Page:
Lt. Calvin Spann, Tuskegee Airman and Pilot, Dies

Congressional Gold Medal honoree leaves legacy of breaking racial barriers

(Image: Twitter)

Lt. Calvin Spann, a Tuskegee airman and fighter pilot, died Sept. 6 at his home, according to a news statement. He was 90.

Spann became an original airman and fighter pilot with the 100th Fighter Squadron of the 332nd Fighter Group after receiving his wings from the Tuskegee Flight School. He was part of an elite class of African American pilots, and he served in Europe during World War II, flying 26 combat missions in Europe.

Up until his death, Spann was very active in his community, speaking at schools, churches and organizations about his experience as a Tuskegee Airman.

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Public memorial services for him were held in Texas, where family, friends, fans and legislators honored his legacy:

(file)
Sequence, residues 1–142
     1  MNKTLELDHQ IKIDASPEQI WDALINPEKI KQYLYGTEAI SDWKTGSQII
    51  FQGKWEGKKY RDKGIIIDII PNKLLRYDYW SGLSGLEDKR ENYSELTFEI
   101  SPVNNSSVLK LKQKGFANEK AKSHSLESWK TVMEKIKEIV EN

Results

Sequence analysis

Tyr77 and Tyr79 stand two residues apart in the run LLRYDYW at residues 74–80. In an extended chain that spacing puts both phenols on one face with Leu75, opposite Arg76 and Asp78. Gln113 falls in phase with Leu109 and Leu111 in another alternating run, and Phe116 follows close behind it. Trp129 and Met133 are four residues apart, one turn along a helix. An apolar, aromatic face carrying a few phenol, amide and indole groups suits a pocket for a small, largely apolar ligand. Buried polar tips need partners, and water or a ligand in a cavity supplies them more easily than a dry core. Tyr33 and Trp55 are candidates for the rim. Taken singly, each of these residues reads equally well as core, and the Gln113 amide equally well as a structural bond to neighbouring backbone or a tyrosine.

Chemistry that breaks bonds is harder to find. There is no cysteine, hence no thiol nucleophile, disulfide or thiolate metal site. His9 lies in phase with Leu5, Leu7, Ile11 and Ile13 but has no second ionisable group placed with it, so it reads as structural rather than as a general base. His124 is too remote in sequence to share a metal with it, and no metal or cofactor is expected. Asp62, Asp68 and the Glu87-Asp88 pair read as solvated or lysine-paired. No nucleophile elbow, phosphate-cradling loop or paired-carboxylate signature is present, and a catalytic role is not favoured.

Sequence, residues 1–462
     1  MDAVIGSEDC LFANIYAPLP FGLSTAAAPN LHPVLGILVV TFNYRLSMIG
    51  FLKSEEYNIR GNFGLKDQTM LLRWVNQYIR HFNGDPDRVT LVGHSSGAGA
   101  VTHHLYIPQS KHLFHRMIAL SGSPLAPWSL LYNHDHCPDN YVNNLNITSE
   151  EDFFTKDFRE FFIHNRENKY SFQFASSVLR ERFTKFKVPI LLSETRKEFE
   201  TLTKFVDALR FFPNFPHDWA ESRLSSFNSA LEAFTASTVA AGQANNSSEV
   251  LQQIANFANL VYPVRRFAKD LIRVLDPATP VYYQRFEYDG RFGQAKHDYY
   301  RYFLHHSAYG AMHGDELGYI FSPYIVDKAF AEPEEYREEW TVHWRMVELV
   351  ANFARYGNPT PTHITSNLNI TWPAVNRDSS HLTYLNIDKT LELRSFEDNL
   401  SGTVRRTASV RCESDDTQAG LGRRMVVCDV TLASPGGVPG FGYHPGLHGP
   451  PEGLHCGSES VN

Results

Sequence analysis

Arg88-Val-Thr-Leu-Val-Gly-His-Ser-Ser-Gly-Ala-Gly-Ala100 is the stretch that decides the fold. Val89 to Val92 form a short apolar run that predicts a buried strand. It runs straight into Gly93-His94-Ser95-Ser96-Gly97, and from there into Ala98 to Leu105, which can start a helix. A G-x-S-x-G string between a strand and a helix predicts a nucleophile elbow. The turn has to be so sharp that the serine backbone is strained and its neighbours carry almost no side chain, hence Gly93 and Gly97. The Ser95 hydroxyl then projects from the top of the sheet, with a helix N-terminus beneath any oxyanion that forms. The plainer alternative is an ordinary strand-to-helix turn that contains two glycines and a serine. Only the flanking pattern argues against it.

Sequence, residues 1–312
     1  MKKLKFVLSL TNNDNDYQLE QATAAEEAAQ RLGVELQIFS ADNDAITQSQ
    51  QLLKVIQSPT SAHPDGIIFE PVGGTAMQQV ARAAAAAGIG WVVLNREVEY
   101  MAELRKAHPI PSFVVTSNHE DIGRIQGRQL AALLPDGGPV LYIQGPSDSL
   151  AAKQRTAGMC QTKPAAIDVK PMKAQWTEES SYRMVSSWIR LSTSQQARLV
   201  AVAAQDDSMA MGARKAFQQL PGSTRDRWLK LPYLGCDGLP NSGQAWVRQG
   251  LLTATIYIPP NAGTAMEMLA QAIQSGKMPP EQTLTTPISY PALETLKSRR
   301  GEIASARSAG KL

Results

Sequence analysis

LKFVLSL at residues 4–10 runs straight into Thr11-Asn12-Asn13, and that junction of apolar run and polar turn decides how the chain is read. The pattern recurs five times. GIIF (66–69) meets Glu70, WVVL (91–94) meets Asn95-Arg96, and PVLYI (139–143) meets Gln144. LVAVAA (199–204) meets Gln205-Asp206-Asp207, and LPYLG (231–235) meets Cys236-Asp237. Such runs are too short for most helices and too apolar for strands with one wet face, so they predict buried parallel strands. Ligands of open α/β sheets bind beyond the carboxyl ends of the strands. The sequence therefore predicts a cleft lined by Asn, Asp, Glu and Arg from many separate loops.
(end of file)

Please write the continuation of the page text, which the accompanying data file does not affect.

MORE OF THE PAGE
After the war, Spann faced challenges due to segregation, and was able to find work in a factory before eventually moving on to became a sales representative for Roche pharmaceuticals. During his sales career, he owned a restaurant-bar and was a real estate broker.

President Bush awarded him and his fellow Tuskegee Airmen the Congressional Gold Medal in 2006.

He is survived by his wife, Gwenelle Spann of McKinney; daughters Gai Spann of Brooklyn and Carla Spann-Lopez of Allen, Texas; a son, Calvin J. Spann Jr. of New York; and three grandchildren.



One Response to Lt. Calvin Spann, Tuskegee Airman and Pilot, Dies

  1. Pingback: Lt. Calvin Spann, Tuskegee Airman and Pilot, Dies | BlackinAmerica.News

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